The Hitchhiker’s Guide to the Galaxy by Douglas Adams
Del Rey Books, 2005,216 pages, 978-0345391803, Paperback, $7.99
Douglas Adams’ The Hitchhiker’s Guide to the Galaxy has appeared in more forms of media than most readers would care to know. A shortened version of Hitchhiker’s various media formats includes a 1978 radio series, a television special, live plays, and multiple major motion pictures. However, nothing tops the original novel in terms of dry British humor, originality, and unrestrained creativity. (Those new to the world of dry British humor should proceed with the following warning: this style of comedy is notorious as being downright hilarious to a select few, but just odd enough to leave the majority of readers scratching their heads, looking slightly lost and off-put.)
I originally read Adams’ The Hitchhiker’s Guide to the Galaxy some time ago in middle school. Returning to the book for this review was truly a pleasure. Since my first encounter with Adams’ writing, I have been mesmerized by his ability to throw off the reader with a completely odd sentence, then tie it back into the story in a way that is not only plausible, but hilarious at the same time. The mind of Mr. Adams is a brilliant mix between calculative and zany. As well, his one liners never fail to crack me up. “The ships hung in the sky in much the same way that bricks don’t.” Adams’ writing helped inspire my love of British humor, which has today manifested itself in the form of a bookshelf full of Terry Pratchett, Douglas Adams, and Neil Gaiman.
The Hitchhiker’s Guide to the Galaxy is not your normal science fiction novel. The plot doesn’t move very fast, there aren’t any huge battle scenes, and avoiding the destruction of Earth isn’t the grand finale. (There is, however, a chapter dedicated to the discussion of the worst poets in the galaxy and a completely off-the-wall lifeform described as “a highly intelligent shade of the color blue.”) Adams envelops readers in a story that seems to be in no hurry to get anywhere, yet covers vast interstellar distances, and still finds time to make pit stops at all the interesting little nooks and crannies along the way. The cast of the book is relatively normal, if a two-headed, three-armed, maniac (and ex-galactic president), his girlfriend, a writer from the nearby star Betelgeuse, and a laid back gent from England can be considered at all normal. And don’t forget the super intelligent and clinically depressed robot, Marvin.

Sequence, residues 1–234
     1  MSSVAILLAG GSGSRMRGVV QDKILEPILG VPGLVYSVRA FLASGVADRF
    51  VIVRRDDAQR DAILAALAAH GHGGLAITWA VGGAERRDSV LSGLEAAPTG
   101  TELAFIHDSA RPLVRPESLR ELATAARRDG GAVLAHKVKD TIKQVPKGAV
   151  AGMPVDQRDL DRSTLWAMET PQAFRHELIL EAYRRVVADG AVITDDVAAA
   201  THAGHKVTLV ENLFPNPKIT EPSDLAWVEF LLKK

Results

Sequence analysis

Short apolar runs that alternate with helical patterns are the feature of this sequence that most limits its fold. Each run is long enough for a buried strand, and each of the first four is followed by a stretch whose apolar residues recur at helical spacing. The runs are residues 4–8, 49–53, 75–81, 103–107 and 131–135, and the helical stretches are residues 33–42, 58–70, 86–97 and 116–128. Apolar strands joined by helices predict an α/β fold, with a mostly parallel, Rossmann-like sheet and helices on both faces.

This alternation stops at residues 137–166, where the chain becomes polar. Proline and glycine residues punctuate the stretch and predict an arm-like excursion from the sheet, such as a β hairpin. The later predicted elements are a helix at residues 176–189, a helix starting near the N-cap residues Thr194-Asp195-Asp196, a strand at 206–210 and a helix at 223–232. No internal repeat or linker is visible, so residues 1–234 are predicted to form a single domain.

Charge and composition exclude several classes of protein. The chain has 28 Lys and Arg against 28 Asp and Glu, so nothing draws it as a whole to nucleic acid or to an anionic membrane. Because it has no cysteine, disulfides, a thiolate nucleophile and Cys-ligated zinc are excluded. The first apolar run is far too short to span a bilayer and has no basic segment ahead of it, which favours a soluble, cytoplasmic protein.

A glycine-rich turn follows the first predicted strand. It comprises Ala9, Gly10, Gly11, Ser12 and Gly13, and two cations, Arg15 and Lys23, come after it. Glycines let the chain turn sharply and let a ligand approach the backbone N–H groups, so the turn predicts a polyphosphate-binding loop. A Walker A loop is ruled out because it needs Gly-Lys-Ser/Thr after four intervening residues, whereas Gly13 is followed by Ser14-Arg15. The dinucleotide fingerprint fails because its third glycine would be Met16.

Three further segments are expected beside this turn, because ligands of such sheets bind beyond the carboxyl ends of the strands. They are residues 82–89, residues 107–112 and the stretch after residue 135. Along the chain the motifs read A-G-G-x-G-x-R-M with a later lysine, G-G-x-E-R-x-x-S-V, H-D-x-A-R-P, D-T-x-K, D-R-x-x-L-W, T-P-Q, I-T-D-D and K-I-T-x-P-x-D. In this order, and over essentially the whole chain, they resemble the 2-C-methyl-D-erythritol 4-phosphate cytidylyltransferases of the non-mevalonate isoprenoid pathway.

Readers looking for a journey that can only be described as completely out of this world (literally and metaphorically) will find Hitchhiker’s to be all that they are looking for and most likely, a good bit more. Starting on Earth, a planet whose inhabitants are “so amazingly primitive that they still think digital watches are a pretty neat idea,” the story follows an increasingly bizarre and unlikely chain of events that catapult the reader through both space and time right into the nutty adventures of its hapless hero, Arthur Dent. Adams’ writing style is rich with unexpected events and cinematic descriptions. His ideas are original, creative, and will catch you completely off guard.
In a galaxy where ships travel on improbability drives, nuclear warheads are transformed into excited (albeit doomed) sperm whales, and main characters sustain rather nasty bruises to their upper arms, Adams weaves a tale of dry humor, creativity, and all around insanity. The Hitchhiker’s Guide to the Galaxy is a must read. And always remember: know where you towel is!